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UMFK music professor demonstrates sound waves to FKES kindergarten students

January 18, 2002

NR02006

 

University of Maine at Fort Kent assistant professor of music, Scott Brickman, hosted students from Grace Sirois' Fort Kent Elementary School kindergarten class in his state-of-the-art music room in the newly built Nadeau Hall.

 

The students are involved in a science project on sound waves in their classroom, and the purpose of their visit to the UMFK music lab was to demonstrate what sound looks like when converted to a picture format.

Using software that records, edits and mixes sound, Brickman recorded the voices of the students, then played the recording back. The children were aware of sound but weren't actually able to relate to it without seeing it. The computer screen displayed a picture of what the sound wave looked like as it played back the recording giving the children a visual to associate with.

"It's amazing that the kindergarten class would be working with this type of project and it's more amazing that now, with this wonderful new building and the new technology available to us, UMFK can help in these learning projects," said Brickman.

With the software available to him, Brickman proceeded to edit the sound waves of Cody Plourde's voice. He stretched the waves creating a slow motion speech pattern. He also altered the sound waves in a way that made Cody's voice sound like a robot. The children giggled and asked him twice to "play it back again."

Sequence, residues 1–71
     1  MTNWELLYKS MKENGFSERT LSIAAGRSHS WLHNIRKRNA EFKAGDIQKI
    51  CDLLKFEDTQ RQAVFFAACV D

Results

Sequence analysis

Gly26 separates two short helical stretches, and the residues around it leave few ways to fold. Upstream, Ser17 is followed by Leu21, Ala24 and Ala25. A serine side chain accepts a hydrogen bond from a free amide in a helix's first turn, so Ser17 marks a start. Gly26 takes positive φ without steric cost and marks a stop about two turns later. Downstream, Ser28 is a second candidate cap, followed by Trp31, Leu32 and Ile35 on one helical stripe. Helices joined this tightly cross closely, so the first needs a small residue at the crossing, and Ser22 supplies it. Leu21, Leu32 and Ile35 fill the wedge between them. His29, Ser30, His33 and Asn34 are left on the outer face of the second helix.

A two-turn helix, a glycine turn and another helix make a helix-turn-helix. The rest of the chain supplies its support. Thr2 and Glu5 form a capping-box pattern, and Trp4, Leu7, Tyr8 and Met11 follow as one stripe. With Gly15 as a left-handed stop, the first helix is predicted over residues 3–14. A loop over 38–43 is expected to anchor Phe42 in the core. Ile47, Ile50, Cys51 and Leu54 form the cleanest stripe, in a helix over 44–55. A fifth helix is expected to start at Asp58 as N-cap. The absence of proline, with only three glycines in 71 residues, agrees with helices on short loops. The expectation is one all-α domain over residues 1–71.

Brickman also recorded Abraham Desjardin's voice and again, using the computer program, was able to edit the wave signals and play Desjardin's voice backwards, making him sound like he was talking in a foreign language. The children were having fun while learning how sound waves could be altered and how the picture of those sound waves changed as well. Other features of the software allowed Brickman to cut or isolate certain sounds or words, and to dub in sounds or music.

"The technology that is now available to us here at UMFK has the potential for us to graduate education majors firmly grounded in the twenty-first century," said Brickman. "This technology fits perfectly into the education and music programs as well as science, criminal justice, e-commerce and business programs."

On January 28, students from Pat Richard's second grade class at FKES will visit Brickman's music room at Nadeau Hall for a similar demonstration. Richard's class is also working on a science project on sound.

Brickman is looking forward to their visit. He is sure that they will have many more questions for him to answer.